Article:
The ACA authorizes HHS to regulate health insurance carriers, defined as “an insurance company, insurance service, or insurance organization (including a health maintenance organization, as defined in paragraph (3)) which is licensed to engage in the business of insurance in a State and which is subject to State law which regulates insurance.”
If a state licenses an entity as a “health insurance issuer,” the federal government is required to recognize the entity as such—even if it happens to be an individual. State lawmakers could therefore authorize a savings-based approach to health insurance for individuals and their families, bypassing a host of ACA mandates and opening the way toward an innovative new future for health coverage.
In fact, a bill passed by the Texas House last year created a state-based mechanism for individuals to self-insure as “dedicated personal insurers,” satisfying the ACA’s individual mandate without forcing people to choose between paying for exchange coverage and paying a penalty. The bill didn’t find support in the State Senate, but part of the reason was that it limited authorization to those who could set aside a significant amount of capital every year—$10,000 or $20,000, depending on age.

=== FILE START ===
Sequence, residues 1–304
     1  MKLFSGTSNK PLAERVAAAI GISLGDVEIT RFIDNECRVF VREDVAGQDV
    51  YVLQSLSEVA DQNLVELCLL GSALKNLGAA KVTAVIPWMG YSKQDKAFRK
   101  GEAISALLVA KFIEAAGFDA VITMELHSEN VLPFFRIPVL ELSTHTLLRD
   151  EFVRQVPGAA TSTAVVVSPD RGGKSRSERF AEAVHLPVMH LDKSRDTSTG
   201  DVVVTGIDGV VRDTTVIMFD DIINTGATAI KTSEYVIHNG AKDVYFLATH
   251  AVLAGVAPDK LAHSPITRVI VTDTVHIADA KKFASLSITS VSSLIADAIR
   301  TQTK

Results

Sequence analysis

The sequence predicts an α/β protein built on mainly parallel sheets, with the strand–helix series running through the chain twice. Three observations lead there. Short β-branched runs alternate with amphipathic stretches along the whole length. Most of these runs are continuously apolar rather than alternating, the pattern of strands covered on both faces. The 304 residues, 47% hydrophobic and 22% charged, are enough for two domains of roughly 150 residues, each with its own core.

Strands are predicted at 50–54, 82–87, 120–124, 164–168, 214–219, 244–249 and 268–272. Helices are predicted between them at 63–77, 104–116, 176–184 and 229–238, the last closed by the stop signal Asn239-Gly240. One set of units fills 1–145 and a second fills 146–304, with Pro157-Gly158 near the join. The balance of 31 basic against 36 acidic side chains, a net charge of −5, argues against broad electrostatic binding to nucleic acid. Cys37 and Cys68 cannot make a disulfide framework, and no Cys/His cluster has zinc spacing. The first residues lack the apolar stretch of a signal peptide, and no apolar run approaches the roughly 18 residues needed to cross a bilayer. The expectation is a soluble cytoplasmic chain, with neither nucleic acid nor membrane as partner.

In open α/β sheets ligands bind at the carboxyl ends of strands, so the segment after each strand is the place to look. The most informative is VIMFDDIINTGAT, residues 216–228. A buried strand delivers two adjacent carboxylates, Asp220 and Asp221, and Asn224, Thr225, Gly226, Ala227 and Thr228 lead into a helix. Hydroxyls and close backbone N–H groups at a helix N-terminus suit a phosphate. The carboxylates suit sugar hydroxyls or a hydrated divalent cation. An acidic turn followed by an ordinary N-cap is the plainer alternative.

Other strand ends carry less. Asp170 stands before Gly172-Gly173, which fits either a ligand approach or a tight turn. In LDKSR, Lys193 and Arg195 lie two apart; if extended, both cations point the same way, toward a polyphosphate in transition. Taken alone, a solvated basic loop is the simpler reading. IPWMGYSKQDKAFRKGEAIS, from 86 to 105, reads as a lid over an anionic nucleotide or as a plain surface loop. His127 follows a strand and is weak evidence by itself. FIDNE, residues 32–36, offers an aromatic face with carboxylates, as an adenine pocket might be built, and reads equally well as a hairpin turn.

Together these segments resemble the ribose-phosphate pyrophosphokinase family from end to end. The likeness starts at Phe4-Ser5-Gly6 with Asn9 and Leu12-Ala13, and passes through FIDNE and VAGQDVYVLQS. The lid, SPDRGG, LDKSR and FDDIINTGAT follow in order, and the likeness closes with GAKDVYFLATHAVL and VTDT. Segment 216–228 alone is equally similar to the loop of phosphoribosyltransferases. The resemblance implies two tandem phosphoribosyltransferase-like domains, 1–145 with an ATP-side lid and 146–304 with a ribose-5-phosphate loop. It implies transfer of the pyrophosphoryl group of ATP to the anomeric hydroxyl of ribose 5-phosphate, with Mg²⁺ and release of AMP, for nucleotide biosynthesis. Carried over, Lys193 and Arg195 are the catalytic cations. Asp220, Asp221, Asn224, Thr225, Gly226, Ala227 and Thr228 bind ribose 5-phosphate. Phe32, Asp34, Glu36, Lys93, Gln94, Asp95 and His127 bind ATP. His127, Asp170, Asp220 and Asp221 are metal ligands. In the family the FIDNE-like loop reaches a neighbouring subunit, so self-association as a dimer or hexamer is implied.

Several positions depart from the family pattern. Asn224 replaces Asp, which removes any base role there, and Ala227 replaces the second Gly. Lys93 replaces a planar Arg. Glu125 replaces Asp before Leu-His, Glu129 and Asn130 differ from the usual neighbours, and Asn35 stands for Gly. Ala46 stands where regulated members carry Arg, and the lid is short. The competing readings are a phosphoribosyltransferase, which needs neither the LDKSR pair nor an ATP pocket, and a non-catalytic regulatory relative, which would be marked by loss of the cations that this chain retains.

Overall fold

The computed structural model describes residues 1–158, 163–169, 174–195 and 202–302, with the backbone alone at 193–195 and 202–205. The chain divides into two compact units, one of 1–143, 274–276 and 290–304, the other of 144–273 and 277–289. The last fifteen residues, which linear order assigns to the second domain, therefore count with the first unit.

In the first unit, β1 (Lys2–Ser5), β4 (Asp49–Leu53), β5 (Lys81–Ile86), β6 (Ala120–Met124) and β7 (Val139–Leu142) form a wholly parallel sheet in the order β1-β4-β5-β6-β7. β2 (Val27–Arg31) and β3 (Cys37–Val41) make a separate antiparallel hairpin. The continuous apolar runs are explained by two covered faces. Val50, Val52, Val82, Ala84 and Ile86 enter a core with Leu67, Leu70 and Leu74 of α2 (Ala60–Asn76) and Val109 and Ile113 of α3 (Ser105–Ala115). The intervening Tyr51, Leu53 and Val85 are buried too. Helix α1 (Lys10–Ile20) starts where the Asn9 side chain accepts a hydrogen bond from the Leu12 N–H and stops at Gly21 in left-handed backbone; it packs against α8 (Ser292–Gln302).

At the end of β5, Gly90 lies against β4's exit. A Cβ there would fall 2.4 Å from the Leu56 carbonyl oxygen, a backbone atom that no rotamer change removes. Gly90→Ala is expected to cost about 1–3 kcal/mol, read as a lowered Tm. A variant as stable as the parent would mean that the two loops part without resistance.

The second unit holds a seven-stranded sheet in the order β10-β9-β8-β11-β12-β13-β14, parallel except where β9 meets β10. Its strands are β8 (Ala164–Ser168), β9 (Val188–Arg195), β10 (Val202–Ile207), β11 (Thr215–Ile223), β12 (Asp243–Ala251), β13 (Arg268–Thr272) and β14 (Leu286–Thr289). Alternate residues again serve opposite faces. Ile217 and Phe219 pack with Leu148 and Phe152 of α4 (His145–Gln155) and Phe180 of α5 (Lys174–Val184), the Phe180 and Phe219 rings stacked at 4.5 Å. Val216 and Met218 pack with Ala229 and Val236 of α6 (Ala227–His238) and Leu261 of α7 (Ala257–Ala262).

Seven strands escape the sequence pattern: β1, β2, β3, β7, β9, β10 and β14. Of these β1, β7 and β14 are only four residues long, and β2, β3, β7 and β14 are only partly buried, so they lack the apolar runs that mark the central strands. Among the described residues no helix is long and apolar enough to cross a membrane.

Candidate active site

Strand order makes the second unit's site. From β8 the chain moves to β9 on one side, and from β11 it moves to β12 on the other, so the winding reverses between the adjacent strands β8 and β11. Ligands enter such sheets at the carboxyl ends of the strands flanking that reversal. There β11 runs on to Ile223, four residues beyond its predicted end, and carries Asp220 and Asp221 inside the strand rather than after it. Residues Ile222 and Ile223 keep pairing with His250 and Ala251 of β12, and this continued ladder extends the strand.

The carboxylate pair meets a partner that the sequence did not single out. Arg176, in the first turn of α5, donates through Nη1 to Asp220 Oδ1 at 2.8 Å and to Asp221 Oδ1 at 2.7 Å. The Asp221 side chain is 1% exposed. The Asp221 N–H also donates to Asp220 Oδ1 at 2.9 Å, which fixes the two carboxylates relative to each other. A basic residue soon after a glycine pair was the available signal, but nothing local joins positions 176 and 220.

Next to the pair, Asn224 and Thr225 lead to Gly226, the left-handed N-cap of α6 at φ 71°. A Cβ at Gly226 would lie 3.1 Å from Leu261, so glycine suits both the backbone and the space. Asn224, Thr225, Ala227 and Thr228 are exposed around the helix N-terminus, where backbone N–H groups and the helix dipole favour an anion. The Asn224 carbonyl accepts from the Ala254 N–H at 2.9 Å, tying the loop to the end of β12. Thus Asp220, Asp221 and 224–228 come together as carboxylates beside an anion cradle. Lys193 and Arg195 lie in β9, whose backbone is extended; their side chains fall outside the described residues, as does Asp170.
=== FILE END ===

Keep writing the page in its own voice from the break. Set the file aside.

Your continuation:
An amended draft version of the bill makes key changes to these capital requirements and opens self-insurance up to more people. Instead of stipulating a dollar amount, it requires only that the self-insurer set aside eight percent of their adjusted gross income annually to pay for medical expenses, capped at $60,000. This eight percent threshold mirrors Obamacare’s affordability provisions, which generally exempt those unable to find coverage equal to eight percent of their income or subsidizes exchange premiums that exceed that amount.
In self-funded employee health benefit plans, employers bypass traditional insurance arrangements and simply pay for the cost of employees’ medical claims. Such plans are regulated by the 1974 Employee Retirement Income Security Act (ERISA) rather than HHS or state insurance codes. Likewise, individual self-insurance would be exempt from most ACA rules and state regulations because it wouldn’t really be insurance as such but rather a savings program to pay for health care—authorized and regulated by the state, not the federal government.
Stop-Loss for Small Business
The other thing state lawmakers can do to create an Obamacare alternative is to encourage self-funded health benefit plans for small businesses. As mentioned above, such plans fall under ERISA and are exempt from the regulations and taxes of the ACA, and also from state insurance regulations (because, again, self-funding isn’t technically insurance). Hence, companies that self-fund are free to tailor benefit plans as they see fit instead of being forced to offer plans loaded with government-mandated benefits.